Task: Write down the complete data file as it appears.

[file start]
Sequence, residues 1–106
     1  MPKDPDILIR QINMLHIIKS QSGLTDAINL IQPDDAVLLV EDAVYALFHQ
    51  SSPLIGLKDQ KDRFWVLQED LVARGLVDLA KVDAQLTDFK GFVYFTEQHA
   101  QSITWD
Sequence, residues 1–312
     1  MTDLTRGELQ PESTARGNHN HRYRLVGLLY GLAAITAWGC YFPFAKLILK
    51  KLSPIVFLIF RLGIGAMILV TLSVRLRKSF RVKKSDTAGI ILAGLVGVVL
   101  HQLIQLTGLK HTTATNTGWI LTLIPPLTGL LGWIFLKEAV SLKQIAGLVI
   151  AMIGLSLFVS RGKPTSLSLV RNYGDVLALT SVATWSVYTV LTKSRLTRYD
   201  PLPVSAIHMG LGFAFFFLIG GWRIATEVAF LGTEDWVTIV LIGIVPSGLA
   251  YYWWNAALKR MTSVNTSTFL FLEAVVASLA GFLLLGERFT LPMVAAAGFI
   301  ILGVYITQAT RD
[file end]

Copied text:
Sequence, residues 1–106
     1  MPKDPDILIR QINMLHIIKS QSGLTDAINL IQPDDAVLLV EDAVYALFHQ
    51  SSPLIGLKDQ KDRFWVLQED LVARGLVDLA KVDAQLTDFK GFVYFTEQHA
   101  QSITWD
Sequence, residues 1–312
     1  MTDLTRGELQ PESTARGNHN HRYRLVGLLY GLAAITAWGC YFPFAKLILK
    51  KLSPIVFLIF RLGIGAMILV TLSVRLRKSF RVKKSDTAGI ILAGLVGVVL
   101  HQLIQLTGLK HTTATNTGWI LTLIPPLTGL LGWIFLKEAV SLKQIAGLVI
   151  AMIGLSLFVS RGKPTSLSLV RNYGDVLALT SVATWSVYTV LTKSRLTRYD
   201  PLPVSAIHMG LGFAFFFLIG GWRIATEVAF LGTEDWVTIV LIGIVPSGLA
   251  YYWWNAALKR MTSVNTSTFL FLEAVVASLA GFLLLGERFT LPMVAAAGFI
   301  ILGVYITQAT RD